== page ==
Free agent preview: Baltimore Orioles

The Baltimore Orioles had a great, very surprising 2012 season. They made the playoffs for the first time since 1997, and baseball in the beltway is peaking when you take the success of the Washington Nationals into account as well. But Baltimore GM Dan Duquette is going to have some work to do in order to repeat the success that his team had in 2012.

Needs
You can point to the success Nate McLouth had in his brief tenure with Baltimore last season, but this team needs an every day left fielder. In 55 games, McLouth had a .777 OPS, but McLouth is 31 and hadn't been any good since 2009, including for the first half of 2012 when he was with the Pirates. Baltimore also can't count on the health of the talented Nolan Reimold on an every day basis, which is a disappointment. The Orioles also should be in the market for a DH after scrolling through a variety of players and not really having any of them click. Mark Reynolds, who had his option declined but still has a year of arbitration left, could be that guy while Chris Davis plays first base and a hopefully healthy Nick Markakis takes back over in right field. The Orioles also need to do something about second base, because Brian Roberts has played in less than a full season's worth of games of the last three seasons while getting paid $30 million over that time. Baltimore might be in the market for starting pitching this winter, but I don't think that is a huge priority with 2012 standouts Jason Hammel and Wei-Yin Chen returning, along with the cadre of young pitchers that performed well for the Orioles this season. 

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Possible Options
Orioles fans would probably groan at this, but current Yankee Nick Swisher could fill that hole in the outfield pretty well. I think Torii Hunter and Cody Ross could also be good fits, but both will likely be more coveted than Swisher. I could see the team making a pass at the oft-injured Travis Hafner for their DH spot, but staying in-house with Reynolds would probably be the best bet. Second base is a horror show in the free agent market, and Kelly Johnson is the best name out there, and I'm not sure if he'd be worth to the Orioles what he'll likely end up getting in the open market. Re-signing Joe Saunders wouldn't be a bad move to keep an innings eating veteran on the staff, but if he signs elsewhere, someone like Joe Blanton or Bartolo Colon might be a good backup plan.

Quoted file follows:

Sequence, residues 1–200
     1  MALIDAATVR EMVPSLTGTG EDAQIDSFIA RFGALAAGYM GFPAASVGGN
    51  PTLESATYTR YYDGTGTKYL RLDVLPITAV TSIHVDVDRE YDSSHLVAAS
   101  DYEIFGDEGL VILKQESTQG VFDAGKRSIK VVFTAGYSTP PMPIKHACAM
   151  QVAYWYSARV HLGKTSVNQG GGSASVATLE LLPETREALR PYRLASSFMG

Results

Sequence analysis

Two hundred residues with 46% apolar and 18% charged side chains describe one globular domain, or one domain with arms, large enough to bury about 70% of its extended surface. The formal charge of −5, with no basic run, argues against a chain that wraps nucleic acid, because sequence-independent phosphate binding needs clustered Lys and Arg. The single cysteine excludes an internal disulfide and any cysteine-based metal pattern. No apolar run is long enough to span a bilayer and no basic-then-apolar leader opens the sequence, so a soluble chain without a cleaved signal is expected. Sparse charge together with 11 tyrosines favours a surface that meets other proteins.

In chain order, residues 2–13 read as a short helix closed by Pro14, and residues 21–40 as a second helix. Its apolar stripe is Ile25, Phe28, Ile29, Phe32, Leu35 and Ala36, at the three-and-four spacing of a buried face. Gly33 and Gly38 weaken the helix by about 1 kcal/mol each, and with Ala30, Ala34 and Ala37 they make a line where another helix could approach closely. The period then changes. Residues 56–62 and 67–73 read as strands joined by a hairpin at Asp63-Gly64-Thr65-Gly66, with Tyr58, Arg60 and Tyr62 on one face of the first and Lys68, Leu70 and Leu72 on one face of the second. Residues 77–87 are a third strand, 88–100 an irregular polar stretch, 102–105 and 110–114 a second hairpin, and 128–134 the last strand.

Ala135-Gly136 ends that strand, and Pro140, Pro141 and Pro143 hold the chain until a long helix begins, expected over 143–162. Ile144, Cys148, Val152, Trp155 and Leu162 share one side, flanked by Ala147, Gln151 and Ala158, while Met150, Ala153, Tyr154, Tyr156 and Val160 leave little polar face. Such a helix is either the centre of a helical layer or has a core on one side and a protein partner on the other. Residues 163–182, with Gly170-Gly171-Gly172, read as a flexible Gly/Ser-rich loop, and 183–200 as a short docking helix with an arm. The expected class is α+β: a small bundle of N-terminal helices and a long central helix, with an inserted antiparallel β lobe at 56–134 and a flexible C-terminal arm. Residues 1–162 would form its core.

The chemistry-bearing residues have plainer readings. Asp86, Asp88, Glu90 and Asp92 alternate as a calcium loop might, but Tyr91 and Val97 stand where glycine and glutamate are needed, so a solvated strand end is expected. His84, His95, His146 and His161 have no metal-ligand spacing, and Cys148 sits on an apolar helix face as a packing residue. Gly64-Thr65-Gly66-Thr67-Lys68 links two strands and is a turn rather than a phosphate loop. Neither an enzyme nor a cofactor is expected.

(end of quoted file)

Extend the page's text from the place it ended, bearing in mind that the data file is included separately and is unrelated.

Trade Options
With as young of a team as the Orioles have, they shouldn't be looking to trade any of their core players. It would be ideal if they could dump Roberts off on a team, but he's provided absolutely no value to the Orioles since signing his four year extension, and he has a no-trade clause anyway. Reynolds will make a lot of money for what he is, and the team clearly thinks he's not worth eight figures a year after declining his $11 million option. I'm going to once again beat the drum about trading JJ Hardy, and considering how dire the free agent market is at the position, the Orioles could probably get a better return than they could last offseason. Even with a down year in 2012, Hardy's $7.4 million salary over the next two years is a bargain, and Manny Machado is clearly ready for the majors, so why not move him to his natural position? I'll also float the idea of trading pieces from Baltimore's fantastic bullpen as they get too expensive. Closer Jim Johnson had a solid 2012, but a reliever that strikes out as few batters as him doesn't seem like he'd be worth north of $4 million in salary to me.

Trade Targets
After 2012's playoff berth, the graduation of Machado to the majors, and Dylan Bundy's meteoric rise through the minors, the time for playoff talk is now for the Orioles. Now, this team shouldn't try to completely gut their (very deep) farm system for a player like Justin Upton, but other talent might be in play. For example, if the Angels pick up Dan Haren's option, he could be an absolute steal for the Orioles and would fill a huge hole in the process. You know who actually might be a good fit, and probably wouldn't cost a lot in the terms of prospects? Alfonso Soriano of the Cubs. He could slot right into left field, and Chicago would be so thankful to dump his salary that they'd likely take a pittance of a return for a four win player. I have no idea if he'd accept a trade to Baltimore as a ten and five players, but it's worth at least kicking the tires on.

Joe Lucia

About Joe Lucia

Joe is the managing editor of The Outside Corner and a contributing author at Awful Announcing. He lives in Harrisburg, Pennsylvania, and is stuck somewhere between tolerating and hating Pittsburgh and Philadelphia sports.

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